Following a flurry of interest, feedback, and protest to his initial bill to mandate the use of open source software, Democrat politician Ian Gilfillan will resubmit an amended version of the proposed legislation to the South Australian parliament next week.
Although the revised bill will include clauses embracing the use of software, which supports open standards, Gilfillan said the crux of the bill won’t change.
“Unless the bill has power it’s really a motherhood statement,” Gilfillan said. “I make no apologies about obligating the use of open source software within government departments and I don’t have the least objection to convincing governments to give preference to it. I think it would be good for Adelaide and Australia.”
Gilfillan, while still finalizing his new proposal, told Computerworld that the amended bill “may have an expanded definition of open source or have additions”.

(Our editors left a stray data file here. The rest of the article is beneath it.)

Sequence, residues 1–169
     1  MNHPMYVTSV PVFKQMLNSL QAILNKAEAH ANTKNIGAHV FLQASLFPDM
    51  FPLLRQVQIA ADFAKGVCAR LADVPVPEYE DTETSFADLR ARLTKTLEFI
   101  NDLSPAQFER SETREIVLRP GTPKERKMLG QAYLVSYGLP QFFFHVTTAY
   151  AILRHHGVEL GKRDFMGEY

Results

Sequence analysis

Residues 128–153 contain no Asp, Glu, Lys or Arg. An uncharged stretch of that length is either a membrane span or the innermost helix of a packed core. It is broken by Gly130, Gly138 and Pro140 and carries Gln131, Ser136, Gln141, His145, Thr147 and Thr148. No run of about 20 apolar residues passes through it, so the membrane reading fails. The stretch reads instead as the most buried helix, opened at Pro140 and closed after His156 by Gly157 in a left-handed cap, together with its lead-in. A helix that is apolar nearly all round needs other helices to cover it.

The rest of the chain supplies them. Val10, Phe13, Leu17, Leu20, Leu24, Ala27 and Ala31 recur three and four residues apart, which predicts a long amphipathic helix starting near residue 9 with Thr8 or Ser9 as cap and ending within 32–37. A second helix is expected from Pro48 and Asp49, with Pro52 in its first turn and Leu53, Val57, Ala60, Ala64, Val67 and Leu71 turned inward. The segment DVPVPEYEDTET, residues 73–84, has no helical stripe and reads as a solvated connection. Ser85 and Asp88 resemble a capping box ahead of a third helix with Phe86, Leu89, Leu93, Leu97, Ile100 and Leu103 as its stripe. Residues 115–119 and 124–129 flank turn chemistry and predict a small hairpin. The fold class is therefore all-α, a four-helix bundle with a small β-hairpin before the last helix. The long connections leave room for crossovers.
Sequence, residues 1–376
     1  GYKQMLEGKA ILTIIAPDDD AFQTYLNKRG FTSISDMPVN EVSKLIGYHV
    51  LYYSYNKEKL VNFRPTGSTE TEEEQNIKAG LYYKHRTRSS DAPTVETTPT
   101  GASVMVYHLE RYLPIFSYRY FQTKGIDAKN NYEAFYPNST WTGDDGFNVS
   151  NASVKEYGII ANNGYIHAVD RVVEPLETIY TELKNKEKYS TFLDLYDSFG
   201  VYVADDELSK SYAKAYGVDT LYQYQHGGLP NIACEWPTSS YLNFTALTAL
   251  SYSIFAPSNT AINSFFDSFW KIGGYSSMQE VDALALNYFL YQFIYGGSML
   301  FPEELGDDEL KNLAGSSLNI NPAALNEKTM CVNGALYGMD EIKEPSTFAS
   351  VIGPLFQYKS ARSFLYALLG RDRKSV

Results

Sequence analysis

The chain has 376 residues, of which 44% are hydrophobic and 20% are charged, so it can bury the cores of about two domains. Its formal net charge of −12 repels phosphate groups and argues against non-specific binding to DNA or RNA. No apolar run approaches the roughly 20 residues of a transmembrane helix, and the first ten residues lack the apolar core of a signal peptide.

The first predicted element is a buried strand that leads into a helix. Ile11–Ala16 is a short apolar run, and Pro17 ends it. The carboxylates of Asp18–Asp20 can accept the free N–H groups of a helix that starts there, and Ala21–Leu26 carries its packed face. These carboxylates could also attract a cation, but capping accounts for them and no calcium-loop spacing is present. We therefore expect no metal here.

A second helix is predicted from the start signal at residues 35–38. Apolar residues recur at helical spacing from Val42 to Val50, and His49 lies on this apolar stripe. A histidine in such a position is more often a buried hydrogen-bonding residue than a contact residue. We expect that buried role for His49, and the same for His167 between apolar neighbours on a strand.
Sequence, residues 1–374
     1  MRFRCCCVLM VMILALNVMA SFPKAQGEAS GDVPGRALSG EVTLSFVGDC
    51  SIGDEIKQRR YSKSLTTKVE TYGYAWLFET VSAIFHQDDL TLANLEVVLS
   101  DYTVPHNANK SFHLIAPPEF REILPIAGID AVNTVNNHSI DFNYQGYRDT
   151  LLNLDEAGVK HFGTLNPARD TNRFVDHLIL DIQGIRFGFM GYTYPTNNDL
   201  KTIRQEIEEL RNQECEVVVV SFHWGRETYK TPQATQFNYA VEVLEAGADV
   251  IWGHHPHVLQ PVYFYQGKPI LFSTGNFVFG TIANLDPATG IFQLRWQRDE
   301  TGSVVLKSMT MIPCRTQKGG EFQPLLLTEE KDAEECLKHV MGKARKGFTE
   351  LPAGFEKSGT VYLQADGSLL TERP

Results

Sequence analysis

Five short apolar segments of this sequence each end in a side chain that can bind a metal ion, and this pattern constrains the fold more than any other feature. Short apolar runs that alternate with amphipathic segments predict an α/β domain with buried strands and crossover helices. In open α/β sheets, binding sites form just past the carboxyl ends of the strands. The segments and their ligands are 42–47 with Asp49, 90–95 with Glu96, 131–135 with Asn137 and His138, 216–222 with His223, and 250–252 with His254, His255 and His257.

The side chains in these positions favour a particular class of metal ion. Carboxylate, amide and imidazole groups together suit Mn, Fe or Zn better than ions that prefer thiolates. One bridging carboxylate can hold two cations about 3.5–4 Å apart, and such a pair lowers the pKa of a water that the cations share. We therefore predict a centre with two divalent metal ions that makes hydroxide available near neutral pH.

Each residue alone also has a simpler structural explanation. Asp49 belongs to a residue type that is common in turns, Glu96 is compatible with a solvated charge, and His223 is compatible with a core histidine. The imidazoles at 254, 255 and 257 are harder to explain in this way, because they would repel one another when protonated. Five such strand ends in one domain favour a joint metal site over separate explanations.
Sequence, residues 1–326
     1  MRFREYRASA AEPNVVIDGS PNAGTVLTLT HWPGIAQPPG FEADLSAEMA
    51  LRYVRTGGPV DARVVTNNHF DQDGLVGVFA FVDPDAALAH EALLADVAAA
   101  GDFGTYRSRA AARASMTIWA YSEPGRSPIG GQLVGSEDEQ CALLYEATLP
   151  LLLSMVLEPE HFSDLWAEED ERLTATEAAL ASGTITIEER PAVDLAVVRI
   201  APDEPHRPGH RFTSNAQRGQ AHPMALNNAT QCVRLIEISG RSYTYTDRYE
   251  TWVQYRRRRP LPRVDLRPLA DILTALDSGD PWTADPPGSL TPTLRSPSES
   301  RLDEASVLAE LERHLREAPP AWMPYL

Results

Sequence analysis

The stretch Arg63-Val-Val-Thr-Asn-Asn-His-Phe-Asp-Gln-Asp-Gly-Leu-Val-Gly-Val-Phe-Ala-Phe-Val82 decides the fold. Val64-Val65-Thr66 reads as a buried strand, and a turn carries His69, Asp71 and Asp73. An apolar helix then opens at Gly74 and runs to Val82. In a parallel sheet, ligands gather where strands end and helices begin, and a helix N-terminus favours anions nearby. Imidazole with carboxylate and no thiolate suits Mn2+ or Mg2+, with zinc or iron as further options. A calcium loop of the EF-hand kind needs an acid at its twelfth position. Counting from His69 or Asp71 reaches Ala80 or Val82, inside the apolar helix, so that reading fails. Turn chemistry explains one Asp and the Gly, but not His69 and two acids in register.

“The revised bill may have an option – when open source is not practicable – that software that supports open standards is mandated instead,” he said.
“We are embracing open standards, open file formats, and multi-vendor submissions as government culture has been locked into Microsoft.” The bill had to be resubmitted to parliament in the current Spring sitting, because time ran out in the Budget sitting which ended in August.
“I believe opposition to the original bill was based on ignorance by the major parties,” he said. “Although bureaucrats from established agencies don’t want to be disturbed, I’m confident with a bit of publicity we will get there.” Gilfillan said changes to the bill were prompted by “friendly fire”, including opposition from open source advocates.
“People with good will opposed us, including the Australian Unix Users Group (AUUG) and the Institute for Software Choice seems to be just a front for proprietary software,” he said.
Regarding AUUG’s proposal to introduce “guidelines” promoting the use of open source software rather than legislation, Gilfillan said there has been discussions held with the group’s president Greg Lehey.
When asked about the apparent lack of preparedness of the other states to mandate open source software, Gilfillan said: “Our bill will be the pacemaker for others.”